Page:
One of my favorite songs is "Maybe God is tryin' to tell you somethin'" from the movie "The Colour Purple"
I didn't see that one now, but I've bought a couple of new DVDs...
"Gyllene Tider - Återtåget" (Follows Gyllene Tider's tour they did in 1996, slightly let down by being more of a documentary and too little of concert-images)
"Kärlekens Spår" (Swedish movie, which really is a "Swedish" movie. It's a sort of updated version of a movie that became famous sometime in the 60's or 70's, and is a combination of a feature move and a sexual education film that has made a run in the cinemas, but mostly was intended to be shown in schools etc. In a sense a failure, because it doesn't really succeed. As a serious, educational film about sexuality and, most important, LOVE and emotions, the storyline sort of takes away from it. Especially since the story isn't that hot to start with. As a movie, the dry tone sort of kills the story. It's a couragious film, though, in the sense that it doesn't shy away, but do show real sex, including close ups of masturbation etc)
"Ruthless People" (A really fun, classic, film, that actually stays funny which very few comedies are able to do)
"Big Fish" (Hey.. It's Tim Burton.. Haven't seen it yet though.. )
Then I bought...
"Leap of Faith" (One of my favorite movies. Even if feels slightly "constructed" at times, it's a really charming, fun and arresting movie. Perfect in the sense that it has such a lot of small stories inside of it, which all come together in a really happy ending, that sort of continue a long time, where you're happy for all the various things falling in the right places. Truly the feeling of a miracle)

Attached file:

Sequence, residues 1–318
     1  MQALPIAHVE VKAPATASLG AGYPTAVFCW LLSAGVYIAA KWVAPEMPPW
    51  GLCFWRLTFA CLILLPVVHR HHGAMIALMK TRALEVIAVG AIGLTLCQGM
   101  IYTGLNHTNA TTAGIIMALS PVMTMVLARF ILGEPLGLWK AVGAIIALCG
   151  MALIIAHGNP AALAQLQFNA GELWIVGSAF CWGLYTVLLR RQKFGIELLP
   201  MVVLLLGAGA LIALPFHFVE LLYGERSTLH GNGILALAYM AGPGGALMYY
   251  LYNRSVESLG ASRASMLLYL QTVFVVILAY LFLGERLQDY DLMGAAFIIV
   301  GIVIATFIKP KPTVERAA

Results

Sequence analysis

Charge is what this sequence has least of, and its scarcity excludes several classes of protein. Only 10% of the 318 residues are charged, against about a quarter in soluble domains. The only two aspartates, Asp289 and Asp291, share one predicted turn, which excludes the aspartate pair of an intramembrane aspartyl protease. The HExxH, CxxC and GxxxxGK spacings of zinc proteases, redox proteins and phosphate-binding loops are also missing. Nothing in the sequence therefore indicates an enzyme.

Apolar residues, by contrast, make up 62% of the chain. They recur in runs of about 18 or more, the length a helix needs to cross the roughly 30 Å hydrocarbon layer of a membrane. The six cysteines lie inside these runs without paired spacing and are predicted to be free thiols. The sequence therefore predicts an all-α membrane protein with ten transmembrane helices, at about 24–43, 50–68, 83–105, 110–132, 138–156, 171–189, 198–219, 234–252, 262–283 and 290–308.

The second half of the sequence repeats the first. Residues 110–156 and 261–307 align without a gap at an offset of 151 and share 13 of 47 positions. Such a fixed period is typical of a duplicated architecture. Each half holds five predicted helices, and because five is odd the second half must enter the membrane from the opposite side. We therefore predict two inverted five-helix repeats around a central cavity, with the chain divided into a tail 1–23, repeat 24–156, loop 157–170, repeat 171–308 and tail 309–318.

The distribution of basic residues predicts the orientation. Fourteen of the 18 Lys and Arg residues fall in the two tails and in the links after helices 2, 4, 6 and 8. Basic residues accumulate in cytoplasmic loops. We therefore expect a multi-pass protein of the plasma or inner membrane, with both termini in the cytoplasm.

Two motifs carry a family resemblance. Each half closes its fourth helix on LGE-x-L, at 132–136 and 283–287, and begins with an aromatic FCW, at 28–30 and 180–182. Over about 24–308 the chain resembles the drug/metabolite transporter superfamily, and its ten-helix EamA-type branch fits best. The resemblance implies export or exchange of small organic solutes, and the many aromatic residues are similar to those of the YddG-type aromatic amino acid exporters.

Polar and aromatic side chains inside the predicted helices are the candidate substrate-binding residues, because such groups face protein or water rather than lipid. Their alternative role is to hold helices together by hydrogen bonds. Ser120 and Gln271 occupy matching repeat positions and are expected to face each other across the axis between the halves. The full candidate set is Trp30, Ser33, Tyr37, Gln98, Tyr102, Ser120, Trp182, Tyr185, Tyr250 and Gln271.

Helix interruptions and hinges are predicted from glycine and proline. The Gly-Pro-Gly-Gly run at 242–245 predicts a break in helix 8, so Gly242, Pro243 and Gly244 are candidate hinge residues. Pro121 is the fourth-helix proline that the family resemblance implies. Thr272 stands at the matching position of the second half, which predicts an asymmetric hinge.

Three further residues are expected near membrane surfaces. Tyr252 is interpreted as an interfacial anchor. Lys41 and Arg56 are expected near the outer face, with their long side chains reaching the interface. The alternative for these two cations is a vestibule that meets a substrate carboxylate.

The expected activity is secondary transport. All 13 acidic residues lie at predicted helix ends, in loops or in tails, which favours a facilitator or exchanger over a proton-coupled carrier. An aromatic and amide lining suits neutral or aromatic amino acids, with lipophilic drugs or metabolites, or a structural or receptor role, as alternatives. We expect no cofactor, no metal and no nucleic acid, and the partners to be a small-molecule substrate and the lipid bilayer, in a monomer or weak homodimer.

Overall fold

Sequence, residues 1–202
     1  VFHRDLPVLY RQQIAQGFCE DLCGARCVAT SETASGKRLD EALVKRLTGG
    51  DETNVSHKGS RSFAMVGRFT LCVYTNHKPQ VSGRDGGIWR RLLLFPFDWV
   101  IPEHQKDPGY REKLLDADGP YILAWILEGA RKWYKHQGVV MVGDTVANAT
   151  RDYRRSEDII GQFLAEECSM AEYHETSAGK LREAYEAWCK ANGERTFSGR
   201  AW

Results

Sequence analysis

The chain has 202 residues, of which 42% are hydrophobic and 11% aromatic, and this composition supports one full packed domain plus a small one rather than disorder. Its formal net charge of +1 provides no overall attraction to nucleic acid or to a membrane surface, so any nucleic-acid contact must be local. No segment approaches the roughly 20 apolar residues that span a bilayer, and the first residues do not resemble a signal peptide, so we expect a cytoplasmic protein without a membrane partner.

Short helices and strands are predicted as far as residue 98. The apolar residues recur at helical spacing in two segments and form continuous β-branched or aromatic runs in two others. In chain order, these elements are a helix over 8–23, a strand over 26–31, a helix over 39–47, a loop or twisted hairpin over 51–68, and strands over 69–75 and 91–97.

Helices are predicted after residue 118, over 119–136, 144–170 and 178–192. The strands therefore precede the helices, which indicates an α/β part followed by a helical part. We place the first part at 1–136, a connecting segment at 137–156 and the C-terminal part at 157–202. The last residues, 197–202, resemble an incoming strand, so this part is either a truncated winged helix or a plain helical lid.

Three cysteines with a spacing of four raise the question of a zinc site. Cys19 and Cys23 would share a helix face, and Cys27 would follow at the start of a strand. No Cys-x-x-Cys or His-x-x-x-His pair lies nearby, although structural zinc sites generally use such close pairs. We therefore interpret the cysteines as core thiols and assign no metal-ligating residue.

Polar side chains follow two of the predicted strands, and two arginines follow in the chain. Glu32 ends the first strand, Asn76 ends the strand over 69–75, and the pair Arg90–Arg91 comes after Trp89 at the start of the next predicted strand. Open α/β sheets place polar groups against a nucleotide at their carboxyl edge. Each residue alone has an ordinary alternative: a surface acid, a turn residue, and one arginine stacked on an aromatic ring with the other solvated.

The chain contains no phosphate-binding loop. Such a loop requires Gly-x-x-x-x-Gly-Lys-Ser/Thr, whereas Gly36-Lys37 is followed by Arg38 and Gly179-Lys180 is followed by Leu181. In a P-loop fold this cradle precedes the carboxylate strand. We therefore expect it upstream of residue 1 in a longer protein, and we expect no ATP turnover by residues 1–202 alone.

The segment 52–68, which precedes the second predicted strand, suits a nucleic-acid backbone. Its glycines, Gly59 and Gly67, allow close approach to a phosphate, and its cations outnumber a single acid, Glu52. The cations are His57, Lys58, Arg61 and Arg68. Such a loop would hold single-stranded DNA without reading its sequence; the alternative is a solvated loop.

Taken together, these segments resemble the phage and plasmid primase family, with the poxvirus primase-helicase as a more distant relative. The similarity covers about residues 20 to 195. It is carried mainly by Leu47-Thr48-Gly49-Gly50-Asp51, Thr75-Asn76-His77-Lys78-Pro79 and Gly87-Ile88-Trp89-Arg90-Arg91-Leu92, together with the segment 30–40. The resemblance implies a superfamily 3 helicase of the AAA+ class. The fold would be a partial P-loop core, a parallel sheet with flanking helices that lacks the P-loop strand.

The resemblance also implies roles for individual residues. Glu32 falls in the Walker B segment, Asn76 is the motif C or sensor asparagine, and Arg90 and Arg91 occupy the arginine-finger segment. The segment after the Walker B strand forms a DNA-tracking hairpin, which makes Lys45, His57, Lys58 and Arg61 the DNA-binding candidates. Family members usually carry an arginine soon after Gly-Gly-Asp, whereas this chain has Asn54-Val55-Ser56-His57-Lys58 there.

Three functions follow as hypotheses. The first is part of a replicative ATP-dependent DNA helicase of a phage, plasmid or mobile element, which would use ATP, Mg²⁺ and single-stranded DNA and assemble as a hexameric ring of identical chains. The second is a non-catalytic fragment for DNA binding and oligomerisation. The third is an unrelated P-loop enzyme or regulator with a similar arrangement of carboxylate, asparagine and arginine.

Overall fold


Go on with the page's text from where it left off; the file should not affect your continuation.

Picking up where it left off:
"Bruce Almighty" (Despite it being Jim Carrey, which I don't like much at all. He has his brilliant moments, but there isn't a coincidence that I prefer the very cartoonish (Tex Avery Style) "The Mask" where he sort of fits. In most other movies, he just becomes too much and simply tiresome. This movie does have it moments, mostly scenes, and a generally good storyline (even if it's been used a 100 times over))
Now, I saw "Leap of Faith" (Again, since I've seen it a lot of times before, but a thing with that movie is the fact that, I often want to check some scenes in it and ends up seeing the whole film) and directly after that, put "Bruce Almighty" in the DVD-player and watched it..
A sort of theme for "Leap of Faith" is the song "Are you read for a miracle", as it's playing several times in the movie, and sort of works as a theme for the storyline. Then, to my surprise, the first song they play when the credits comes up for "Bruch Almighty" is.. Yes.. you guessed it.. "Are you ready for a miracle".
What's the odds for the seeing two movies, back to back, that contains the very same, specific song? (Didn't check the credits for "Bruce Almighty", but it sounded like the same version as played once in "Leap of Faith". (It wouldn't have been that special if it had been, say.. a song by Elvis or something.. But.. "Are you ready for a miracle" isn't exactly a song you hear everyday).
Wonder if God is trying to tell me something?
Hmm.. it's a small world, I guess.. at least within the Fox Network family..
Saw an old episode of X-files today, when they find Mulder dead after having been abducted. Season 8. In that episode, Agent Scully talks about the stars. How the light never dies, and you see stars that isn't there anymore. Only the light it once sent, not having reached us yet.
Now I'm watching an episode of Buffy - The vampire slayer, where Willow is outside on a blanket with someone (her lover), and they're talking about the stars, and she talks about looking at stars that isn't there anymore. The light reaching us now, but the star having exploded long ago.
Eh.. The same thing, within 2 hrs of each other.. ?
Seen "Big Fish" (Surprising how much you do, when you don't have a working connection to Internet :-p). It's a really charming and interesting movie, and it's nice to see that Tim Burton has returned to fairytale-territory. In many ways an awesome movie, but far from perfect, and I still see Edward Scissorhand as my favorite film. Maybe because Edward Scissorhands have something to say, and I'm not sure Big Fish does. Not in the same sense, at least. With Edward Scissorhands, and for that matter Ed Wood, Tim Burton really wanted to say something, and said it with a strong voice. With Big Fish, as he does, slightly, with Sleepy Hollow as well, he seems more interested in telling the tale, rather than let the tale tell.